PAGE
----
Colin Lloyd ponders future of darts’ Premier League, dream debuts and the form of Gary Anderson

With the future of the Premier League’s contenders format subject to debate,  Colin Lloyd is of the belief that only the world’s leading players should be rewarded with a spot in one of darts’ most lucrative competitions.

Luke Humphries made history on Night Five in Exeter as he beat Gary Anderson to become the first challenger ever to win a Premier League match, while Fallon Sherrock and Stephen Bunting both secured draws on their appearances. One-sided defeats for their six fellow contenders, however, invited further uncertainty over motivation for continuing with the feature.

Nevertheless, after the longest campaign in Premier League history it was the two debutants, Glen Durrant and Nathan Aspinall, who faced off in the final having both competed as challengers the previous year.

“Talking about the contenders’ side of things, I don’t know,” said Lloyd on The Darts Show Podcast. “I did like the idea but I’m not so sure anymore. It’s just like a one-night spoiler.

“I would be inclined to have the top 10 ranked players in the world. There could be no arguments. Barry Hearn has always said, ‘if you’re a winner, you’ll get rewarded’. Get yourself up in the rankings and you will be rewarded.

“That would be Premier League places, World Series events, the world would be your oyster. People pay good money to come and watch the Premier League and they want to see the best players in the world.

“I’m not saying the contenders are not great players, but it’s one-night spoilers. Let the top 10 battle it out.”

As it stands, the top-10 Order of Merit does not include recent Premier League champion Durrant or World Matchplay winner Dimitri Van den Bergh.

“You’ve got to have the defending champion in, of course you’ve got to have the defending champion in,” added Lloyd. “I’m just saying as an instance.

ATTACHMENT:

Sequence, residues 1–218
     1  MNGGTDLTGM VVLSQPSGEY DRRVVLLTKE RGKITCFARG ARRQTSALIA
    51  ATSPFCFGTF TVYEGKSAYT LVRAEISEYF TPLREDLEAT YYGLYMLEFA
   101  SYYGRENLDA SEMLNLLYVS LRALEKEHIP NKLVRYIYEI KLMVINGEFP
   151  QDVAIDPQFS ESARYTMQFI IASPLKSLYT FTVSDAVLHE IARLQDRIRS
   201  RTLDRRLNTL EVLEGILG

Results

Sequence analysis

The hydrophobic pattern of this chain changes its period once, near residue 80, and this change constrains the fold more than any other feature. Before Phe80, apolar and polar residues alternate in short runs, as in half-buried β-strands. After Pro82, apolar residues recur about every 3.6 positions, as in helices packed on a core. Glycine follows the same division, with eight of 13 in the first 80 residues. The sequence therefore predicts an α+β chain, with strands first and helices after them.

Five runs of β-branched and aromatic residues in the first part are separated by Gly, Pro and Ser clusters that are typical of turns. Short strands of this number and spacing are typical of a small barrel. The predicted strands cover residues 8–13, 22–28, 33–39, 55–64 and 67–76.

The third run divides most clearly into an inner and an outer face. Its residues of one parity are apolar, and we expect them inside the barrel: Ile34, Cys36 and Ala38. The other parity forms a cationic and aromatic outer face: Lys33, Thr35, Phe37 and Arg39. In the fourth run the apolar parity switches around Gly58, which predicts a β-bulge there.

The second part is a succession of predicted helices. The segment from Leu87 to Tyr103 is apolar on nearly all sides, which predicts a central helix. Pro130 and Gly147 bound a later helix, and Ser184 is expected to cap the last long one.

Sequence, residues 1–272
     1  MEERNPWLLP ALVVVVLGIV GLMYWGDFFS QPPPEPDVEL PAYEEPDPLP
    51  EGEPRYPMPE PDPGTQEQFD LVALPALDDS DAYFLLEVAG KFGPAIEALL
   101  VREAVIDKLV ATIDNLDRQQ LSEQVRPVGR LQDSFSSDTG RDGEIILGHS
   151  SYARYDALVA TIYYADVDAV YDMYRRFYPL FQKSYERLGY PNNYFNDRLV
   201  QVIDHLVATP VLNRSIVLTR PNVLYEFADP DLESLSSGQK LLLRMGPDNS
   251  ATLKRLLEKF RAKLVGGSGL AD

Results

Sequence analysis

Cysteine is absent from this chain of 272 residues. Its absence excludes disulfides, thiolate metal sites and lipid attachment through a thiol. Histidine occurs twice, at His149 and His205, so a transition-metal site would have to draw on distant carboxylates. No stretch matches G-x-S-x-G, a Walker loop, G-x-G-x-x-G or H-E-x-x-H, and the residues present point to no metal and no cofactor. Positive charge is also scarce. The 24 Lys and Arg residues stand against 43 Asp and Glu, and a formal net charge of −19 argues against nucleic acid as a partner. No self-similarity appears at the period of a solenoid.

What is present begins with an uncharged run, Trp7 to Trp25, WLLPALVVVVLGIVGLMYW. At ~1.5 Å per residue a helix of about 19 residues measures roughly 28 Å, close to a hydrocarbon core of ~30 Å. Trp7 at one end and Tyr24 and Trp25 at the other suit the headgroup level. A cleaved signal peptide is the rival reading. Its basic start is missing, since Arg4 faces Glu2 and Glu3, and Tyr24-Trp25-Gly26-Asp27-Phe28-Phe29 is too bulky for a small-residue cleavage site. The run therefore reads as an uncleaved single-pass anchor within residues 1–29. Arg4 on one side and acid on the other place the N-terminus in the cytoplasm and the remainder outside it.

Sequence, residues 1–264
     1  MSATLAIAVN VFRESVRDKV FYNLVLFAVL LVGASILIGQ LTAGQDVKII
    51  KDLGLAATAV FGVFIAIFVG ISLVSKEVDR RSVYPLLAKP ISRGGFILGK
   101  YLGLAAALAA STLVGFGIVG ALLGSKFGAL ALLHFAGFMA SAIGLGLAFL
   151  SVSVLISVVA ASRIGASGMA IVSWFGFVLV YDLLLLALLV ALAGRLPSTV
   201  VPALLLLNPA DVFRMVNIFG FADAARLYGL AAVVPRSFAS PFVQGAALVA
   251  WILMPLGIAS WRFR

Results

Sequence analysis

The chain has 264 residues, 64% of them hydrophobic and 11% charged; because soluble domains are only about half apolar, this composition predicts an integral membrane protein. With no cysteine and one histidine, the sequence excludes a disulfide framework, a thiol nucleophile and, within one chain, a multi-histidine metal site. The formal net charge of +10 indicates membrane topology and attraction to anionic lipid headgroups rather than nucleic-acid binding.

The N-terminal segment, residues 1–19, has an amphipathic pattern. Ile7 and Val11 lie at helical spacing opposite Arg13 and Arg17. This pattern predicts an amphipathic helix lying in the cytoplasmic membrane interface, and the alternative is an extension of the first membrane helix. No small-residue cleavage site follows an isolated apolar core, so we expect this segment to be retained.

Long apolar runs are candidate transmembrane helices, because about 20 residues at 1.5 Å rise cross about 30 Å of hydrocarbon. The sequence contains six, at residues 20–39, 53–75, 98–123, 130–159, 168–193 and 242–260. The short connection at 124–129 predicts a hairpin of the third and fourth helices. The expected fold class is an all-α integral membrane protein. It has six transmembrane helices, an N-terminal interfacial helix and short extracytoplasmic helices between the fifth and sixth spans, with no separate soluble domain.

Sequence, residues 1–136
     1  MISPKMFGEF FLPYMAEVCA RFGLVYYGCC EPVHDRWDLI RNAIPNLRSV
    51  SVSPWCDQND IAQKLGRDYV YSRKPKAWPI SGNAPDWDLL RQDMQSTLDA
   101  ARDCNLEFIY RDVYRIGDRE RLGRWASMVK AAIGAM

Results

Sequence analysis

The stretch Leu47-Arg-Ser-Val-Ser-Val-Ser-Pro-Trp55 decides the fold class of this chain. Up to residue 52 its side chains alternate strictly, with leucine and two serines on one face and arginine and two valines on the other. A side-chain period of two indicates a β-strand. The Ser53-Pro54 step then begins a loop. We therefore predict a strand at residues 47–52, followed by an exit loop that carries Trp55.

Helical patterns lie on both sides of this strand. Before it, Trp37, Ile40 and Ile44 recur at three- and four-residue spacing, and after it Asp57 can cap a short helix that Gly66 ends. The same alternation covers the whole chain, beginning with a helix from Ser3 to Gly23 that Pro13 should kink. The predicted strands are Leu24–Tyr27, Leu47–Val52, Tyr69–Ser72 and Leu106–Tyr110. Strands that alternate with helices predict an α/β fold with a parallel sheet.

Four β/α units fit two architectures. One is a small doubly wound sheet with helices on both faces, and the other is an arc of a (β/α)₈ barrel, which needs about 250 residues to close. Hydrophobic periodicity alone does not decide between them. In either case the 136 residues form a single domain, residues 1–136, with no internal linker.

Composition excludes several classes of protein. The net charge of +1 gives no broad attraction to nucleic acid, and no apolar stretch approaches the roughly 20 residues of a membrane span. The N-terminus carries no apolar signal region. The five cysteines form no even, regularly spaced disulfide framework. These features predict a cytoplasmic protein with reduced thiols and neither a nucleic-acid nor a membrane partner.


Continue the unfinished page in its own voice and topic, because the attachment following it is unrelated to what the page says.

“But I don’t think you should be rewarded for being say No 39 in the world or No 50-odd. For me, that’s not cutting it, that’s not good enough for me. Reward people that are getting results.”

Durrant came away a worthy winner earlier this month having dominated a disrupted league stage with 21 points, maintaining his momentum even after the sport’s hiatus.

Finals night proved understandably cagey after three of the four men involved had been eliminated in the first round of the World Grand Prix the previous week, Anderson eventually losing to beaten finalist Dirk van Duijvenbode in the quarters.

“The pressure was massively on Glen I think because he’d done so well in the league phase that he probably just wanted to get it all over and done with and thought to himself, ‘I think I’m going to win this’, whereas he probably came back thinking, ‘well I hope I can win it now’,” continued Lloyd.

“With all the unnecessary flak that Glen has received over his time, he played very solid in the league phase. I did actually predict, I said I thought he would carry on that consistency and go on and win it which he did.”

Although the night belonged to Durrant, Aspinall again produced the kind of valiant display that has propelled him to a place among the world’s elite, a break in the 14th leg proving decisive after the pair had refused to be split for much of the contest.

“He’s not new to the game,” said Lloyd. “He’s been playing the game long enough now. He’s done back to back World Championship semi-finals and people seem to forget he is a major winner. He won the UK Open final.

“He is gritty and determined about darts, he wants to achieve. It’s not a case of ‘right I’m going to sit back now and it’s all going to come to me now’, he keeps working every day.

“He’ll have gone away from the Premier League disappointed, of course he will have done, but do you know what, who would have predicted right at the beginning that the two debutants would be competing in the final? I don’t think there would have been many.”

There was, meanwhile, disappointment for world champion Peter Wright and his fellow World Cup-winning Scot Anderson, the latter of whom had relinquished a 9-7 lead in his semi-final against Durrant having done so well to overturn an early deficit.

“My personal view, I don’t like them darts,” admitted Lloyd. “I think with those darts, there are flashes of brilliance but there’s also a lot of bad stuff that goes with it and I just think he’s a little bit too erratic with those darts.

“There’s no consistency there, whereas when he uses a straight barrel I think he scores a lot heavier, there’s not the loose darts and I think he finishes a lot better, but that’s just my opinion.”

Darts in back on Sky Sports in November with a double bill, starting with three days of coverage from the World Cup of Darts (Nov 6-8) and continuing with nine days of the Grand Slam of Darts which gets underway on November 16.

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